Heirloom tomatoes masterclass with Aggi Sverrisson

09 September 2010
Heirloom tomatoes masterclass with Aggi Sverrisson

Aggi Sverrisson, chef-director of Texture in London, has created a dish with the essence of a Mediterranean bread and tomato picnic, which releases its flavours through a series of different, harmonious textures. Michael Raffael finds out more.

What we think of as flavour, how we experience food, is a combination of taste and texture. Four key words (five counting umami) describe taste. How many refer to texture? Hard, soft, wet, dry, rough, smooth are obvious ones. Branching out from these roots is a whole vocabulary that picks up and distinguishes, say, crisp lettuce from crispy bacon, or the crunch of a Granny Smith from crunchy pork crackling.

Texture is just as important to the eating experience as taste. A big Mac squeezed from a tube would never have colonised the world. El Bulli's smartest move was to surprise its customers by serving familiar tastes in unfamiliar textural contexts.

Aggi Sverrisson, chef-director of Texture in London, uses texture to create a harmonious, well-balanced dish. It's what inventive chefs have always aspired to. Often though, they let the taste enjoy star billing, leaving its partner, texture, with a minor role.

Texture plays a unique part in the release of flavour. The tomato snow of Sverrisson's Heirloom tomatoes, mozzarella, tomato snow and olive bread numbs the palate at first. Then, it primes the mouth for the cheese, bread, fresh and semi-dried tomatoes. The dish takes the essence of a bread and tomato picnic on a Mediterranean beach and heightens it.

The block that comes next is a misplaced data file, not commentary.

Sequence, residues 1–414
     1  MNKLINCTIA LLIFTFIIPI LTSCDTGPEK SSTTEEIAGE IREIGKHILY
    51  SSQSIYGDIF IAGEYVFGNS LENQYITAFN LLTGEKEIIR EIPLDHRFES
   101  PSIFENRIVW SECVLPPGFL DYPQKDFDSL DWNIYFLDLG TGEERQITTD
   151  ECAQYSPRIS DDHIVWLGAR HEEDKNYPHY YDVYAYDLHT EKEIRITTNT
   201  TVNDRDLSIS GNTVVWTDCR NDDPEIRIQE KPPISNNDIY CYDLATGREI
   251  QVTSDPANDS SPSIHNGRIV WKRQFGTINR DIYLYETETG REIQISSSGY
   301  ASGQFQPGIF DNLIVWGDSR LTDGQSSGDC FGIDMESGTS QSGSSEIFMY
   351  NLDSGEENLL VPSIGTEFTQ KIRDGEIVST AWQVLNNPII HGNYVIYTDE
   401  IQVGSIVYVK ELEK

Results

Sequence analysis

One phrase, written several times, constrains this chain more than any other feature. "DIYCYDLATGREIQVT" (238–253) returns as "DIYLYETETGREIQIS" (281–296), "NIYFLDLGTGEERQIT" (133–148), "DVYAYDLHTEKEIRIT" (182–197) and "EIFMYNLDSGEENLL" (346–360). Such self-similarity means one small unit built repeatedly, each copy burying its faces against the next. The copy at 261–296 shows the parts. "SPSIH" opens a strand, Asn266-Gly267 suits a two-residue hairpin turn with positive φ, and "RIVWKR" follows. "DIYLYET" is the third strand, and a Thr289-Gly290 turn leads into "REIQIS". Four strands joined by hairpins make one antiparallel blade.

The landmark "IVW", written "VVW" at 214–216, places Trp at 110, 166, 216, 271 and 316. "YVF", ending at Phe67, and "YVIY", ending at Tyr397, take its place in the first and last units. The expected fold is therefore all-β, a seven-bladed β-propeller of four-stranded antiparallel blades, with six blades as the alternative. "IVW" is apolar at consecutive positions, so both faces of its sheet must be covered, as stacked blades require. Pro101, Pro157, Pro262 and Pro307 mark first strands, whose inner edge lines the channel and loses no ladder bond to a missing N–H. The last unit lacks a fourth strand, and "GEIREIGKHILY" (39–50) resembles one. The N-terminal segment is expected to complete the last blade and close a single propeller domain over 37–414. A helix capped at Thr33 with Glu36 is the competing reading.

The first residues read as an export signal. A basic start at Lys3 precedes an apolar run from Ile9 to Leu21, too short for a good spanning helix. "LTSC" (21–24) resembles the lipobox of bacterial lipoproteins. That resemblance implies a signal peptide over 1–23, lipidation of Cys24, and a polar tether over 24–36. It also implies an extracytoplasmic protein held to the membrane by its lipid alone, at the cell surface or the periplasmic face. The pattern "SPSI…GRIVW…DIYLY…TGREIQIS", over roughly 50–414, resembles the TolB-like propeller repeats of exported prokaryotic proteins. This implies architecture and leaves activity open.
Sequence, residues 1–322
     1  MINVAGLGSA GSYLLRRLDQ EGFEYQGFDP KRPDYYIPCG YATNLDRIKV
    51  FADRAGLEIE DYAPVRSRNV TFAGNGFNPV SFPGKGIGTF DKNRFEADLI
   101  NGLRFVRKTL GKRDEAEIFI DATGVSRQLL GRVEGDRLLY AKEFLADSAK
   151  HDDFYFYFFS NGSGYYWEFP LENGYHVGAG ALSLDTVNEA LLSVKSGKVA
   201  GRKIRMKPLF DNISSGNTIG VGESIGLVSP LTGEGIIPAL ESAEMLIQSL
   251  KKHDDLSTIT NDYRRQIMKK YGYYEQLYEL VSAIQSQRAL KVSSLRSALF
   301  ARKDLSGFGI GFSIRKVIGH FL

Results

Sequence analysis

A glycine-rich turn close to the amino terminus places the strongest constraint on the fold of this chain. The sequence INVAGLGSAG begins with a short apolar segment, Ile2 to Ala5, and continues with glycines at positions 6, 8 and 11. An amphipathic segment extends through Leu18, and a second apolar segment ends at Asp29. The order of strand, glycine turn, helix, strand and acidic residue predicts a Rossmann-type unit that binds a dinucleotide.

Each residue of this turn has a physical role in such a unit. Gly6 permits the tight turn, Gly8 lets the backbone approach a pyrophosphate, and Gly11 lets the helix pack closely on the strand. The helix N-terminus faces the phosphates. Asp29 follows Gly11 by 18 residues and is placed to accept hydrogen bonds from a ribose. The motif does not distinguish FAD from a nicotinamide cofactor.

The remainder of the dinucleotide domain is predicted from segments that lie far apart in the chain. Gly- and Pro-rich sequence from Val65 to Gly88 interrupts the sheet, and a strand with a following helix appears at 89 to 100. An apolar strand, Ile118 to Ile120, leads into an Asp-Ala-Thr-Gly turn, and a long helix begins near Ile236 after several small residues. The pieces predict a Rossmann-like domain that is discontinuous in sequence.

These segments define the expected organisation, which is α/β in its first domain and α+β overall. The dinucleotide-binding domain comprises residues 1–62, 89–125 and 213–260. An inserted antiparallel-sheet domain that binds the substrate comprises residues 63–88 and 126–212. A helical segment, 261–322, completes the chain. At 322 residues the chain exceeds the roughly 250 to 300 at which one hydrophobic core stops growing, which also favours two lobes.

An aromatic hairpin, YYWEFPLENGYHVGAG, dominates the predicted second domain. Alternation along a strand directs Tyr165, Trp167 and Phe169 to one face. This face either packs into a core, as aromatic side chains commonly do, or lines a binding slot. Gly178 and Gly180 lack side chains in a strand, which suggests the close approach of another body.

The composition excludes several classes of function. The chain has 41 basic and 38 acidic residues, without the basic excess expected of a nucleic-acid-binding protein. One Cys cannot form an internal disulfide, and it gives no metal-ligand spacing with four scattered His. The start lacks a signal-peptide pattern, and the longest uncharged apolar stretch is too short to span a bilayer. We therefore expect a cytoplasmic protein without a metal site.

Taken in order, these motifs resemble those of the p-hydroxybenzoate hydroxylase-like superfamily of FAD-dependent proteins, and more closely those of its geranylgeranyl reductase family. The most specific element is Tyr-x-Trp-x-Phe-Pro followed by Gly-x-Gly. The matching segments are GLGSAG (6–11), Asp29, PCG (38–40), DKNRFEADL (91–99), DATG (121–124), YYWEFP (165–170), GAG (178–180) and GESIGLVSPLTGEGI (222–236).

Before he opened Texture with Xavier Rousset, Aggi Sverrisson spent five years at Le Manoir aux Quat'Saisons. Employed by Raymond Blanc, and appointed head chef by executive head chef Gary Jones halfway through his time there, he's fulsome in his praise of their joint influence, one for teaching him how to run a kitchen, the other for giving him a palate.

Sverrisson believes food should look natural rather than perfect, but beautiful too. He doesn't want to lay out food in geometrical patterns or towers. The studied, careless look he uses matches his approach to tastes and textures.

He recalls how Blanc taught less experienced members of the brigade to handle salt: "There would be 15 glasses of water, each containing a different amount of salt. We would have to tell him which one we thought was seasoned just right," he explains.

Sverrisson's mentor may have initiated him to the subtleties of flavour, but he has taken the role of texture to another level. What looks simple, almost accidental on the plate mixes up crunchy, chewy, melting, sticky and juicy into a harmonious whole. Each sensation enhances the sweetness, saltiness or acidity of the ingredients.

If his dishes seem complicated, that's because the work that has gone into making them often is. Customers, though, don't need a degree in the culinary arts to enjoy them. On his menus the wording is minimalist. On the plate the food is appealing. In the mouth flavours are accessible and satisfying.